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Re: How does a game know if "The Disc Cannot Be Read"?

Post by thefox » Fri Aug 12, 2016 3:12 pm

There are error correction codes (ECC) and checksums embedded in the disc data. If the errors are not correctable and/or the checksums don't match => "the disc cannot be read".

The primary cause can vary, of course.
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Drew Sebastino
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Re: How does a game know if "The Disc Cannot Be Read"?

Post by Drew Sebastino » Fri Aug 12, 2016 3:16 pm

HVC-Man wrote:I'm no expert in the hardware and firmware of the Gamecube, but if it's anything like other consoles or the Wii...

Either the "Disc cannot be read" text comes from the Gamecube firmware, or the boot/executable files on the game disc that are loaded first before the game itself. Consider that the Gamecube boot screen appears with the logo, it fades to black, then either the game starts playing (or asks to run in progressive scan mode) or it prints "disc cannot be read" to the screen.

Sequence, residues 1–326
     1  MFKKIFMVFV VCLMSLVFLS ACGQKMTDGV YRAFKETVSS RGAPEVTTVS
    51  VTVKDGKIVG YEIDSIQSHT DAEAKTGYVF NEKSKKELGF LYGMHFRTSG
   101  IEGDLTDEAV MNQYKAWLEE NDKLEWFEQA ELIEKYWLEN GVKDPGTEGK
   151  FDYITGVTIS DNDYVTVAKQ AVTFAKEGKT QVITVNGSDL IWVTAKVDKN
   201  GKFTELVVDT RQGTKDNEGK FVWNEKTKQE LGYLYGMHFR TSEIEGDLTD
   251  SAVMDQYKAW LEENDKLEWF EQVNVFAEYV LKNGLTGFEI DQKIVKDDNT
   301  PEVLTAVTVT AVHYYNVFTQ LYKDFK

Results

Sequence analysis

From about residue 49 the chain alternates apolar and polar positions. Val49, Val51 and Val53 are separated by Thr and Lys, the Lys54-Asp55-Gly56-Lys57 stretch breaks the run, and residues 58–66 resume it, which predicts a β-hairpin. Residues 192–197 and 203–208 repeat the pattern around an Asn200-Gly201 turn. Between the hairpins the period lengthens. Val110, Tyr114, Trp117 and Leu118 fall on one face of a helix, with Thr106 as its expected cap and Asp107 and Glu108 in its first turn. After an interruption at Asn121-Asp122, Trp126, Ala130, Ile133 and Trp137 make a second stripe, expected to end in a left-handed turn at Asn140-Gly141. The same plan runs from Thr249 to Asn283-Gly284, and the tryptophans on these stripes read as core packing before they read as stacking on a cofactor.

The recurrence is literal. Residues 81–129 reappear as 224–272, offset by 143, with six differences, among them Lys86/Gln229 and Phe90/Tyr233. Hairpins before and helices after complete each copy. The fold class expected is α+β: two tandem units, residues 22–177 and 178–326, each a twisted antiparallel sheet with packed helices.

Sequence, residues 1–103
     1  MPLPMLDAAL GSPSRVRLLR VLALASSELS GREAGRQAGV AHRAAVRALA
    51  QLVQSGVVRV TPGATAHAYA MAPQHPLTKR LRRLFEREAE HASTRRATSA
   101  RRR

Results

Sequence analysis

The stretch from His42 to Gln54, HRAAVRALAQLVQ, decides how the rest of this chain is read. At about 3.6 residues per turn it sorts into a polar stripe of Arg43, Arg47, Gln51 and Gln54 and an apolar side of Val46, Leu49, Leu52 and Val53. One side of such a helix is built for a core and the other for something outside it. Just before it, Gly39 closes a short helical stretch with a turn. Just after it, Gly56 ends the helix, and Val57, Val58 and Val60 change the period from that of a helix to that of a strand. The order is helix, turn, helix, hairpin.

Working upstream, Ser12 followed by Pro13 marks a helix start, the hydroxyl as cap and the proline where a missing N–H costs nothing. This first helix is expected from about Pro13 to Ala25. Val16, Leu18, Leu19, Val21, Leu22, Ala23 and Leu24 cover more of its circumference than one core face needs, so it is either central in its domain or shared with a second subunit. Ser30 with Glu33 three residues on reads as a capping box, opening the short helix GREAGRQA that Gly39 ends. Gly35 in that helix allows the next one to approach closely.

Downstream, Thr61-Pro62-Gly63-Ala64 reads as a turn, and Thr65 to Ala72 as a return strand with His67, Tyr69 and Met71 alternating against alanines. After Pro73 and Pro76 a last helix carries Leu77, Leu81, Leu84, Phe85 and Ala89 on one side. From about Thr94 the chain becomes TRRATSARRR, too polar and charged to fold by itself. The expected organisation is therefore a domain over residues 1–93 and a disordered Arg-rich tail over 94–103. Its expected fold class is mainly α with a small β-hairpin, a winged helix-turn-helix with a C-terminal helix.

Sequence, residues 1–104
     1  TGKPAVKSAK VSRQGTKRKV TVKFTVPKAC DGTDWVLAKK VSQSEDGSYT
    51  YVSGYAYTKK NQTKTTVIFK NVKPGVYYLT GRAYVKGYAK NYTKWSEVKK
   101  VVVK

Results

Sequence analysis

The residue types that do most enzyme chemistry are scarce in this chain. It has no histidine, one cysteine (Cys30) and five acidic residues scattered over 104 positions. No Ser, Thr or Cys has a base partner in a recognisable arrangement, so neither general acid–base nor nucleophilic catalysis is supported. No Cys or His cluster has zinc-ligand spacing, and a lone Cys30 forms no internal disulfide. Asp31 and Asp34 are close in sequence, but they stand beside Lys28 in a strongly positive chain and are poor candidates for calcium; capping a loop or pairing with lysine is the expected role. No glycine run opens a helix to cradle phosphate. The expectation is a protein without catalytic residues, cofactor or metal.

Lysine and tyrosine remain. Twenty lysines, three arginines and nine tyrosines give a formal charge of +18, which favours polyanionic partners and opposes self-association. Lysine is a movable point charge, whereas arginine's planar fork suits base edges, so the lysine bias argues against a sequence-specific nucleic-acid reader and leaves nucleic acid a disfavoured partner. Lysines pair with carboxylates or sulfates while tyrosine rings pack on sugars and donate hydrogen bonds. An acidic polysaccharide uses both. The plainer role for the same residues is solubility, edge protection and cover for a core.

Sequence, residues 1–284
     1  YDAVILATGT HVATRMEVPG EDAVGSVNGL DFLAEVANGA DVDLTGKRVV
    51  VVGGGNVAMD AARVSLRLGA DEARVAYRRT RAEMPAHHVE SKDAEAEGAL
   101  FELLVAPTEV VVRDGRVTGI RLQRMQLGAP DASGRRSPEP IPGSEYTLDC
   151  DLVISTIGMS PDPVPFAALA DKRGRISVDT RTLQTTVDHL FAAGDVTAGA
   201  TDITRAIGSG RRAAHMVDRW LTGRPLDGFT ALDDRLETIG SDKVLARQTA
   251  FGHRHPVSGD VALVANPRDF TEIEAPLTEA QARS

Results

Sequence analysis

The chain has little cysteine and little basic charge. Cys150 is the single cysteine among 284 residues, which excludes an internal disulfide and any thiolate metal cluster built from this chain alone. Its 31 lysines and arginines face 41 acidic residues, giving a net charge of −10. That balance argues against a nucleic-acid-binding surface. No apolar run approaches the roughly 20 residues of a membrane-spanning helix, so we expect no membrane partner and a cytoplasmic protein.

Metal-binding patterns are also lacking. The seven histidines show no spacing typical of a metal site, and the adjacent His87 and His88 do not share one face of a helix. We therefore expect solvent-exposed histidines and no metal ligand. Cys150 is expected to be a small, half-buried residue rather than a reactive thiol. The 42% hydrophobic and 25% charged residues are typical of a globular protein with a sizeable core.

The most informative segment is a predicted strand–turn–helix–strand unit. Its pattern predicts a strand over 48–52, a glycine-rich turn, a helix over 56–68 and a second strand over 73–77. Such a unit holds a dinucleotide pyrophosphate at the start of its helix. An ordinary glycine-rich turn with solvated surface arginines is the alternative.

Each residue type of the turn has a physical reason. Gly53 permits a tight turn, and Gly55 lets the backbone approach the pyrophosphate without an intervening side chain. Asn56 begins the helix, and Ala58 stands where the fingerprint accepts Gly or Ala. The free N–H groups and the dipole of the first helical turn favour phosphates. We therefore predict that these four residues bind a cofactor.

The thing is is that this can happen anytime during the game, not just at the booting screen. I wonder, is the disc drive handled by hardware or software?
thefox wrote:There are error correction codes (ECC) and checksums embedded in the disc data. If the errors are not correctable and/or the checksums don't match => "the disc cannot be read".

The primary cause can vary, of course.
How can the error correction codes tell what is an error vs regular data? I wish there were a way to override it or something and try to play the game, although it would probably crash.

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Re: How does a game know if "The Disc Cannot Be Read"?

Post by tepples » Fri Aug 12, 2016 3:30 pm

As I understand it: The drive's microcontroller calculates the error correction and returns either a 2048-byte sector or an "I/O error" status. The software is responsible for retrying, and if several tries to read the same sector all produce "I/O error", the software (either the console's firmware or the game's executable) will display the error message.

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HVC-Man
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Re: How does a game know if "The Disc Cannot Be Read"?

Post by HVC-Man » Fri Aug 12, 2016 3:36 pm